If the brand does not have one, then create one for them. This will make your work easier and make the client appreciate you too. Moreover, with the brand guidelines in place, even if you work with the same client in future, for additional designs, you’ll have a clear foundation to work on. 

2. Brand story 

You have the guidelines but you cannot possibly create a design that connects and resonates with the brand without knowing the story. So dig into it and ask questions that tell you more about the business, the product, and the goals of the campaigns for which you will be creating the designs. 

Having the answers to these queries can help you understand consumer mindset and also understand how to bring the brand story to life. 

Storytelling is a significant part of any branding or marketing campaign. Get the story and you are 90% through. Because the brand story helps you understand the kind of emotional impact the brand wishes to create and thus you can create designs that are emotionally appealing. 

3. Target audience 

Now that you have a pulse on the brand, it is time to get into the specifics. Good design is subjective, yes, but historically we have seen that one design style appeals to a particular section of audience while completely putting off another. So the key to creating what can be called good design for a brand is to know their target audience. 

Gen Z and Millennials have very well-established preferences in color, design style, and even font. This goes for Boomers, Gen-X, people of a particular culture, race, and religion too. By knowing who you are designing for, you have a better chance of getting the message across to them.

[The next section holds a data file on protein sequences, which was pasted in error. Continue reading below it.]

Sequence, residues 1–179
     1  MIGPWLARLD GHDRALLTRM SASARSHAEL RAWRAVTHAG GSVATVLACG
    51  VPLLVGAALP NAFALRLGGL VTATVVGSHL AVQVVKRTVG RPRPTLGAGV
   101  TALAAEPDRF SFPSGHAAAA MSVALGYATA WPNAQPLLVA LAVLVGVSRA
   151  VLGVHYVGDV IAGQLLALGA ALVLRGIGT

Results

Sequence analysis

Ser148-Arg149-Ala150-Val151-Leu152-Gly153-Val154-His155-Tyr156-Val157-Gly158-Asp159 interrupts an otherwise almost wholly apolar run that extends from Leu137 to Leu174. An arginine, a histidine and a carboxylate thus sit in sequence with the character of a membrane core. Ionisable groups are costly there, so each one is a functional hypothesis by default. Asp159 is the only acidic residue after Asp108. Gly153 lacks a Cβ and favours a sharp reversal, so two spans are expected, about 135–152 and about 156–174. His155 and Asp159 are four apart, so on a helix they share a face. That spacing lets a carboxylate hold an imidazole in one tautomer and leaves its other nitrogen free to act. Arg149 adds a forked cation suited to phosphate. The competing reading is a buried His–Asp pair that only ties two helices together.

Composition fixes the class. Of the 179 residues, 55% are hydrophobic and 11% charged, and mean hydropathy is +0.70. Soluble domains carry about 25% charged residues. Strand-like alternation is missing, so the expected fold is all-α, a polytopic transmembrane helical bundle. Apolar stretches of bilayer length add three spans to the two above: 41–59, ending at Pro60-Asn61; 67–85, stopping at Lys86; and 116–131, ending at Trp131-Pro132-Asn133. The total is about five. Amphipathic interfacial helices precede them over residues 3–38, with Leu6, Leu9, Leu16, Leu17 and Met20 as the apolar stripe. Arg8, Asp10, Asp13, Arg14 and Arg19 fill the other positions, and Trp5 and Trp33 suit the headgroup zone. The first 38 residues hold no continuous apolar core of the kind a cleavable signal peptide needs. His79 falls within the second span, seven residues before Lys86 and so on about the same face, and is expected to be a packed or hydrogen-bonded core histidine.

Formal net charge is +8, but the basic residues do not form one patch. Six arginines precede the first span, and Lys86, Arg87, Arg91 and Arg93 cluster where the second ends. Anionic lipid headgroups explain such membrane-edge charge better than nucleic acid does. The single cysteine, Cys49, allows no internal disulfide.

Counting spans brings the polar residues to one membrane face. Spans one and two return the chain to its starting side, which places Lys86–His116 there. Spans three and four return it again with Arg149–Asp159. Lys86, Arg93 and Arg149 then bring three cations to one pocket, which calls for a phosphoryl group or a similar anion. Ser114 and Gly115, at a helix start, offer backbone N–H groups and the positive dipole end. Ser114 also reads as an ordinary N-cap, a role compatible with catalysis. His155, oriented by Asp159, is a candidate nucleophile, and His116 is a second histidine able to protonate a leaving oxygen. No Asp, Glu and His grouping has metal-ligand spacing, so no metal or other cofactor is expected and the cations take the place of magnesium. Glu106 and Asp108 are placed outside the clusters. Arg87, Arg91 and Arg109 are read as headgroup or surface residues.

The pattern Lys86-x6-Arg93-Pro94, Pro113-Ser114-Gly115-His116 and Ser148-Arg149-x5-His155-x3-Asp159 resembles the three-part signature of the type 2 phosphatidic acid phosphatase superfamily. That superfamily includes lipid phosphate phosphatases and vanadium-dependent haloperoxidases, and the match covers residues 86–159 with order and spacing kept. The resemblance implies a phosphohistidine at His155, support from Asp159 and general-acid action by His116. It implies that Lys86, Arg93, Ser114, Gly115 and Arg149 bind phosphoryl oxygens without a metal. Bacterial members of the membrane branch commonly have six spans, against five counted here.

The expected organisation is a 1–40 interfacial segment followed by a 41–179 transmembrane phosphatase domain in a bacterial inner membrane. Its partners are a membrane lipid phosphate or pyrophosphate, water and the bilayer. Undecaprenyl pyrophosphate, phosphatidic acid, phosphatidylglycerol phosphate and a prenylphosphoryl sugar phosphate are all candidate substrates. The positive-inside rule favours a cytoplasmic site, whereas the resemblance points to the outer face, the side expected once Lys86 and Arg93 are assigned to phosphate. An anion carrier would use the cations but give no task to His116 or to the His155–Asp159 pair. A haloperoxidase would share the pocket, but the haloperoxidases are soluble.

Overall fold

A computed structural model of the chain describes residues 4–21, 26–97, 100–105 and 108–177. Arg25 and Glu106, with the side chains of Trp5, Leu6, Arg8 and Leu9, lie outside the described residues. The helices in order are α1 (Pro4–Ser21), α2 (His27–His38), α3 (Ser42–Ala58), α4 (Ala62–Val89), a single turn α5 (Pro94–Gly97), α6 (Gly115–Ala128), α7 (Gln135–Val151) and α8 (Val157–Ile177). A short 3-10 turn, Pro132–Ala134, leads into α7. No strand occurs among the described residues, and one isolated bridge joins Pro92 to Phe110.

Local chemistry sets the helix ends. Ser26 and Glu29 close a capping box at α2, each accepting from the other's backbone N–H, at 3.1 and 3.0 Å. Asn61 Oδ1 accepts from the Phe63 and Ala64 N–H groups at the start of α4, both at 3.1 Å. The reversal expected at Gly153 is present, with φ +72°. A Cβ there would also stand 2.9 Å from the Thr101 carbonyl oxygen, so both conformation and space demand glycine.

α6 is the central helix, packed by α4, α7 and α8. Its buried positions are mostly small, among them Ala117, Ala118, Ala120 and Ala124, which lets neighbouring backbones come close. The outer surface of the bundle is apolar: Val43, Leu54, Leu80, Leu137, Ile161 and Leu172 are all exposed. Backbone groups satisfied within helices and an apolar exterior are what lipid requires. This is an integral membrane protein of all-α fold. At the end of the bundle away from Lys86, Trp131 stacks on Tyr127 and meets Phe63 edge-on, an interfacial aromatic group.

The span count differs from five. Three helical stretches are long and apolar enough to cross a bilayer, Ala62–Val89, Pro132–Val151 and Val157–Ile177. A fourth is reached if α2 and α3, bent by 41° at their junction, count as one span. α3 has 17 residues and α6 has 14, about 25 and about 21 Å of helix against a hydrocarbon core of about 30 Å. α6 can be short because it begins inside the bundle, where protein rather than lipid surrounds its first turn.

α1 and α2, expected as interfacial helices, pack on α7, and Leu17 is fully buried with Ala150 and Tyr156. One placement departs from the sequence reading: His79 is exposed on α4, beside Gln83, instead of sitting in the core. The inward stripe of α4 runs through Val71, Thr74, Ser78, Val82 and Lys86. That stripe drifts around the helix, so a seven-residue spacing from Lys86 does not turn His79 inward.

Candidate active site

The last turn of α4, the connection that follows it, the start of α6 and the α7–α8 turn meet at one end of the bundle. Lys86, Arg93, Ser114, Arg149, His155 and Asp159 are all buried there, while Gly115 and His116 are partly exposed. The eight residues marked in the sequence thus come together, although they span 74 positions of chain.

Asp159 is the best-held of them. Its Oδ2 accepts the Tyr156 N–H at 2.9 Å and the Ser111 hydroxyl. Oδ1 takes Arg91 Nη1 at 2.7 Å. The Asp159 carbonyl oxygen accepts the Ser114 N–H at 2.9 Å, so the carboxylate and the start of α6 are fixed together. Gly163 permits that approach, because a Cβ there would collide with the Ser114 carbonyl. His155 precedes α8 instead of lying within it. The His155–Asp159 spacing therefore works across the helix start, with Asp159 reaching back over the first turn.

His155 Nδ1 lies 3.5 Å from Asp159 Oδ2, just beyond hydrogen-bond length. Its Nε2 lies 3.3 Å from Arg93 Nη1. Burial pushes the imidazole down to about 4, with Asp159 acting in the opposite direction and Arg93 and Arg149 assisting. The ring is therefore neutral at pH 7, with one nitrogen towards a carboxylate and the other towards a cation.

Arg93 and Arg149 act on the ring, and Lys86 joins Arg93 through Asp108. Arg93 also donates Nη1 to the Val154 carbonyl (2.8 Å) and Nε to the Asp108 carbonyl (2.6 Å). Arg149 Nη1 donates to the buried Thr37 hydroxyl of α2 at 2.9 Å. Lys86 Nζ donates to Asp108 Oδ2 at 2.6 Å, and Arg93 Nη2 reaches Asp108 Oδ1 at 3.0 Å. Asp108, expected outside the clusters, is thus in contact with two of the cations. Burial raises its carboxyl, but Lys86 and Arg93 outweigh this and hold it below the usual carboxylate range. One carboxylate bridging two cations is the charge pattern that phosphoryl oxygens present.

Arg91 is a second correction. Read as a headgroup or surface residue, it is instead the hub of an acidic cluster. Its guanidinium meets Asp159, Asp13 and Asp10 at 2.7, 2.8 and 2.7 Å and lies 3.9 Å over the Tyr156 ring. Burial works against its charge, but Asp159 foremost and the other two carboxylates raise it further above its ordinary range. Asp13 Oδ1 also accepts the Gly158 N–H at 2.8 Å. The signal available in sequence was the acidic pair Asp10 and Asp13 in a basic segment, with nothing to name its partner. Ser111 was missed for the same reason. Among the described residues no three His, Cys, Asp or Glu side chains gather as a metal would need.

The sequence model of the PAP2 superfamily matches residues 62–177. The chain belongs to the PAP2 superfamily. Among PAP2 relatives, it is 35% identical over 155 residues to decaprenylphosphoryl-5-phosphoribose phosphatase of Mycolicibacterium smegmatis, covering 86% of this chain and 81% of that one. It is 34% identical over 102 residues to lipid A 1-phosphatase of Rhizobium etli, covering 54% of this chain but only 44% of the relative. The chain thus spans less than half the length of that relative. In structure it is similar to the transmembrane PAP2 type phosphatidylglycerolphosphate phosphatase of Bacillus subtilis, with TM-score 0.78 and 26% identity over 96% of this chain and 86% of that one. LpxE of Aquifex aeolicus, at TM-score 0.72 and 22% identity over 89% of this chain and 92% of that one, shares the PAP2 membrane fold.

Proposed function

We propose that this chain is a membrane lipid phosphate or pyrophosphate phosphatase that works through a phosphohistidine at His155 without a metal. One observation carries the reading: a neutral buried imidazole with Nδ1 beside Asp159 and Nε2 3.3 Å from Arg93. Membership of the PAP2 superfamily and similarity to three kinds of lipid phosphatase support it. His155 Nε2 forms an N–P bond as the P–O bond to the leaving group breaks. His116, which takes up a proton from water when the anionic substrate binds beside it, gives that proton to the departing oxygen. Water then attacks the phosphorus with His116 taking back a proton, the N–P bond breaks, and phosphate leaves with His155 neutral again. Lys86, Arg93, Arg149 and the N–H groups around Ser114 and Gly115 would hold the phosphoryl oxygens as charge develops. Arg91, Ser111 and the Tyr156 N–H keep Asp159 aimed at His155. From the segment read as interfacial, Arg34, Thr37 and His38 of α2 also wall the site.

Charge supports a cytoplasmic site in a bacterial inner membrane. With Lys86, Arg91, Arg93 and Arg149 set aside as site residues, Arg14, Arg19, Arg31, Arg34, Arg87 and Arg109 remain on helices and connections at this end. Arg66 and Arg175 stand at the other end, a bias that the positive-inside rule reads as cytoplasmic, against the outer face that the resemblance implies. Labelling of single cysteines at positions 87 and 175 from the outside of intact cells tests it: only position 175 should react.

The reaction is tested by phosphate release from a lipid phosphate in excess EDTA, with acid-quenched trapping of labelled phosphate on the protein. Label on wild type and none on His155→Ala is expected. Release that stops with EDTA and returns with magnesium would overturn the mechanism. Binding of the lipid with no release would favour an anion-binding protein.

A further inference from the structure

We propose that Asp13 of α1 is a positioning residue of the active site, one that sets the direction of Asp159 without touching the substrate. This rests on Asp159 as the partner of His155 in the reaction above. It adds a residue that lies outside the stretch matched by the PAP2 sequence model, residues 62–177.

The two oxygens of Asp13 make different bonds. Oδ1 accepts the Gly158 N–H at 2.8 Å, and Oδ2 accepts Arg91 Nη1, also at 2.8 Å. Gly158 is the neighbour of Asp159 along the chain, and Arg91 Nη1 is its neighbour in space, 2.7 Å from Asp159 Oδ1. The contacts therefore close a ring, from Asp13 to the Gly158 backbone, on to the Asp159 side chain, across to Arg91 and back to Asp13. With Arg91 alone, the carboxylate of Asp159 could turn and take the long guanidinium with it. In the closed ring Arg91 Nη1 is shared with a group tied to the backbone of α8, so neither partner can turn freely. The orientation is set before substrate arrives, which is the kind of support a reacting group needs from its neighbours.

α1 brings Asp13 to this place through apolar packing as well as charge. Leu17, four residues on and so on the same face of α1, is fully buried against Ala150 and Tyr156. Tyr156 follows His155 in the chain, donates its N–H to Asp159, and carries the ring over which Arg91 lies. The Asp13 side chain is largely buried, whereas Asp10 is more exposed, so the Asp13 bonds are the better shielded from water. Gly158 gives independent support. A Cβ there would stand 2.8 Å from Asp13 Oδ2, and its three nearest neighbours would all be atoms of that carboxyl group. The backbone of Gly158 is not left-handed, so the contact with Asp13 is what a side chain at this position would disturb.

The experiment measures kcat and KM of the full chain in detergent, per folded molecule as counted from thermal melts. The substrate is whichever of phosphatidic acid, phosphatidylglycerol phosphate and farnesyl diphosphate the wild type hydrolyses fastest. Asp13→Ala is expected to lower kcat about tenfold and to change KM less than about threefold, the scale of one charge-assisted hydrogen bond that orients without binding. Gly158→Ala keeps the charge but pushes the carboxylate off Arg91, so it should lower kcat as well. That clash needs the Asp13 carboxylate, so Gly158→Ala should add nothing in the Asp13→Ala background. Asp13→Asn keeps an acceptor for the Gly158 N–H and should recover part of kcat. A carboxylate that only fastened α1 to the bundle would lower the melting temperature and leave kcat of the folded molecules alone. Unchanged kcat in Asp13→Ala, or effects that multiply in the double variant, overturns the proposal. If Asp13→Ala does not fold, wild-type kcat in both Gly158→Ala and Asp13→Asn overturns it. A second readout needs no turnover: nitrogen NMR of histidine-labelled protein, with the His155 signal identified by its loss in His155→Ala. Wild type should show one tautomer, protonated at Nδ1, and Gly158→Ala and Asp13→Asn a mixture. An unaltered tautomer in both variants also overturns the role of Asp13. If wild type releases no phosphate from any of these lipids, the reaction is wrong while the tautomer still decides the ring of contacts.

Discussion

So ask your clients about the target audience. Don’t stop with age and gender. Get to know their likes, dislikes, trends the target audience follows, and references they get. What if you created a branded design incorporating a popular pop-culture reference that feels totally irrelevant to the target audience? The design does not perform as expected! So, discuss with your client and understand their target audience clearly before starting the branded design. 

4. Design Intent 

Design has one job, we said. That is to get the message across. Designers use visual hierarchy, color theory, and design psychology as tools to make that happen. But you must know what customer search intent and the brand’s intent with a particular design is, to do so. 

So ask your clients about intent so that you know if you have to highlight the product price or the features. This can have a major impact on the success of your design.

In fact, intent goes beyond visible factors like product features. It also talks about what the brand wishes to achieve with that particular branded design. For example, is the design meant to bring back an old customer? Or is it meant to convert a potential lead into a customer? When you know the role the branded design is to play, you can approach the design from a clearer perspective. 

Create branded designs that impress your clients 

As a designer, when you know how to tackle branded designs, you can tackle most kinds of design projects. Because, unlike open-ended projects, branded designs come with strict guidelines and requirements. With all the essential information you gather, you can create designs that meet your client’s expectations. 

Latest Posts